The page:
EU executive skeptical on newcomers’ farm aid demand
The European Commission poured cold water on calls made by a group of ex-communist EU newcomer states to get the same farm subsidies as the rest of the bloc, saying on Friday, the time was not right to consider the idea.
Under EU accession treaties, agriculture payments are being phased in over a decade for the 10 countries that became EU members in 2004 and another two that acceded in 2007. Annual farm aid for all the EU’s 27 countries is currently worth more than €40 billion. Led by Latvia, the newcomers want that disparity to disappear -- especially at a time when Europe, and the world, are struggling with high food prices. More aid would allow the countries to invest in food production and improve local supply.
That idea has not gone down very well with the European Commission, the EU’s executive arm that administers and regulates farm policy. “This is a question of redistributing support among the member states. That was something negotiated in accession,” one senior Commission official told reporters. “I’m not saying it’s not possible -- but not now.”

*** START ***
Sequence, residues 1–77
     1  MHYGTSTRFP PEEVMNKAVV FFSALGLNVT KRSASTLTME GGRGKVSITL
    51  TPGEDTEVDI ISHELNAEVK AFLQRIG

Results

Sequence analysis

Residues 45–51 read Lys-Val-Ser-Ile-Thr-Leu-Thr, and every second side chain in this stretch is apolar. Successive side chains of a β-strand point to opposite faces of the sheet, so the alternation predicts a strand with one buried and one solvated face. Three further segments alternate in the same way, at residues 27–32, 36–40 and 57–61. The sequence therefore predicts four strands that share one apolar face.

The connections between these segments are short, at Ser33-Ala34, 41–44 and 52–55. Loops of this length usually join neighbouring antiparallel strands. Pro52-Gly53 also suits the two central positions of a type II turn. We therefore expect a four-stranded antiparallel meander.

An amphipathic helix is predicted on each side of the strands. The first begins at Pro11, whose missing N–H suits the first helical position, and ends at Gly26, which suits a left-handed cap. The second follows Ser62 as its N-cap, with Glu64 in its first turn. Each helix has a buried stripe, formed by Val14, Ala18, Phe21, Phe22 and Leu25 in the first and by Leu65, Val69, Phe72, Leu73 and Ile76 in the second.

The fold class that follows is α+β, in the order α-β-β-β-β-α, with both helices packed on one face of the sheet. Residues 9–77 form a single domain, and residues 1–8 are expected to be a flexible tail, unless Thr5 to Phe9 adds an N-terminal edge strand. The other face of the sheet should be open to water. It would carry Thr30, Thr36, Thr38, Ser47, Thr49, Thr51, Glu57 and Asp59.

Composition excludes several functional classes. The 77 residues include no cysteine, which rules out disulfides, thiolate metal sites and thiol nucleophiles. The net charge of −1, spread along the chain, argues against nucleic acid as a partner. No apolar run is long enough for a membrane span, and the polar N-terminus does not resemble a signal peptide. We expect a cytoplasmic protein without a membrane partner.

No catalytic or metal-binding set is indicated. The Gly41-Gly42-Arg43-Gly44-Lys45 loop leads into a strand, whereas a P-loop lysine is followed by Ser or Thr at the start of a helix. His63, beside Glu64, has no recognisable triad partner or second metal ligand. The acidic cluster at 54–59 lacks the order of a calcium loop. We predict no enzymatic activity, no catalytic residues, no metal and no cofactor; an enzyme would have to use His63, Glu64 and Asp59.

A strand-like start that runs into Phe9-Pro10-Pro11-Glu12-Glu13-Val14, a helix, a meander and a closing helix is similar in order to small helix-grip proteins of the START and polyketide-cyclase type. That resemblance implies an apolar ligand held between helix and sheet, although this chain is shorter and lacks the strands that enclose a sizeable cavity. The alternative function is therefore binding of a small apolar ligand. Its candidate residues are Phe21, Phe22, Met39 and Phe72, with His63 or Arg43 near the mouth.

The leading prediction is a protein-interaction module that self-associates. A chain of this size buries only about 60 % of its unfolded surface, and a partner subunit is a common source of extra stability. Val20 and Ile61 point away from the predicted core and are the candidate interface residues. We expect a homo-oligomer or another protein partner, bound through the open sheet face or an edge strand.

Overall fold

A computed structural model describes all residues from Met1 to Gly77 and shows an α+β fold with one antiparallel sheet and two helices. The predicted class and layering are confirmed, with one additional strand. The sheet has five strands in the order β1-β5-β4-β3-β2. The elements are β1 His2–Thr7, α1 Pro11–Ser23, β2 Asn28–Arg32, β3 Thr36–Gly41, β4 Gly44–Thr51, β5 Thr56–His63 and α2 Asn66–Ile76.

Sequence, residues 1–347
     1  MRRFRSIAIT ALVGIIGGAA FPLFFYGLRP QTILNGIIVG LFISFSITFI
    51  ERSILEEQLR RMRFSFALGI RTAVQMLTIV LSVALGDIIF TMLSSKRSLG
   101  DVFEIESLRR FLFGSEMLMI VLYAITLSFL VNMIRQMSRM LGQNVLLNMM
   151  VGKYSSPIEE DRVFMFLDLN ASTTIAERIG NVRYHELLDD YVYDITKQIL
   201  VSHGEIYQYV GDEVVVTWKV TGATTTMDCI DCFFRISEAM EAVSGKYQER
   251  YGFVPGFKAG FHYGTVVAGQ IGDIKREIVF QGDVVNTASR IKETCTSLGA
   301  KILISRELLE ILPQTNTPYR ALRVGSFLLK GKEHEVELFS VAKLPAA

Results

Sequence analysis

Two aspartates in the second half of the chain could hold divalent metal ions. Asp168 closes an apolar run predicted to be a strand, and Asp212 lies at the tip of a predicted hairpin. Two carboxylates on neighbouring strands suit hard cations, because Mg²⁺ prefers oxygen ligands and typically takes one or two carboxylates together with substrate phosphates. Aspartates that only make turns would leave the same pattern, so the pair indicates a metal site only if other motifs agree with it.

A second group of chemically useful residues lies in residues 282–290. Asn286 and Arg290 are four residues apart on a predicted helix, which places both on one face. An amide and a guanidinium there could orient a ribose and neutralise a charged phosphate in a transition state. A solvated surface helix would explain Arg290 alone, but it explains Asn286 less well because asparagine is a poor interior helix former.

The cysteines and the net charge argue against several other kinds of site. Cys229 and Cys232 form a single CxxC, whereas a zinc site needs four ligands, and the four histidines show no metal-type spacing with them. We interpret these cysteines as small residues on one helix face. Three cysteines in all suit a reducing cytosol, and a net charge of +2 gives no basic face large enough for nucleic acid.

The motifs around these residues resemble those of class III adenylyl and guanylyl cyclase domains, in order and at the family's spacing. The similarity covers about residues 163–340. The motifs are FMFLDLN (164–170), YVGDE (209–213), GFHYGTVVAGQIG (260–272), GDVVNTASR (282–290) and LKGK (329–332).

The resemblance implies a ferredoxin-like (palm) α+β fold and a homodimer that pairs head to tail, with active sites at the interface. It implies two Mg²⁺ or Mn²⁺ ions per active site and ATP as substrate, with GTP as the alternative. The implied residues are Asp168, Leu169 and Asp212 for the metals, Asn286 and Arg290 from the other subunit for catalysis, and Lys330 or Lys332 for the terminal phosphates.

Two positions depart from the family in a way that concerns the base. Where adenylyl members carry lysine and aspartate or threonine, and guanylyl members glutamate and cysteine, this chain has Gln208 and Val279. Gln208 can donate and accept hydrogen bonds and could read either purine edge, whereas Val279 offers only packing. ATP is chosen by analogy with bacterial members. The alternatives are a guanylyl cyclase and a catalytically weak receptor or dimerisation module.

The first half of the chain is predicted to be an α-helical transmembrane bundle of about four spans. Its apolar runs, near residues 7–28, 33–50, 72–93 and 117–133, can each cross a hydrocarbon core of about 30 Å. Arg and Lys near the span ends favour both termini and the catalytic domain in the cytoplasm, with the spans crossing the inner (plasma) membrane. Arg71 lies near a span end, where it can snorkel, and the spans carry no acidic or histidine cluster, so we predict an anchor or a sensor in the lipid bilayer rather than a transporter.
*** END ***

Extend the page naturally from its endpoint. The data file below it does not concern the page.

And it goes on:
The letter, drafted by Latvia, was signed by the leaders of Bulgaria, the Czech Republic, Estonia, Lithuania, Hungary, Romania and Slovakia. It emerged during a summit of EU leaders in Brussels, partly to discuss rising food and fuel prices. They said the EU should introduce the changes during negotiations for the so-called “health check” of its Common Agricultural Policy (CAP) where several “old-style” farm protection and support schemes are slated for abolition in a mini-reform. “We don’t think the health check is the right time to do this,” the official said.
Negotiations on the CAP health check are expected to be concluded in November. “Putting it on the table now would lead to nowhere: no decision on this, or on the health check either,” he said. “But it’s a legitimate question for the long run.” (Reuters)
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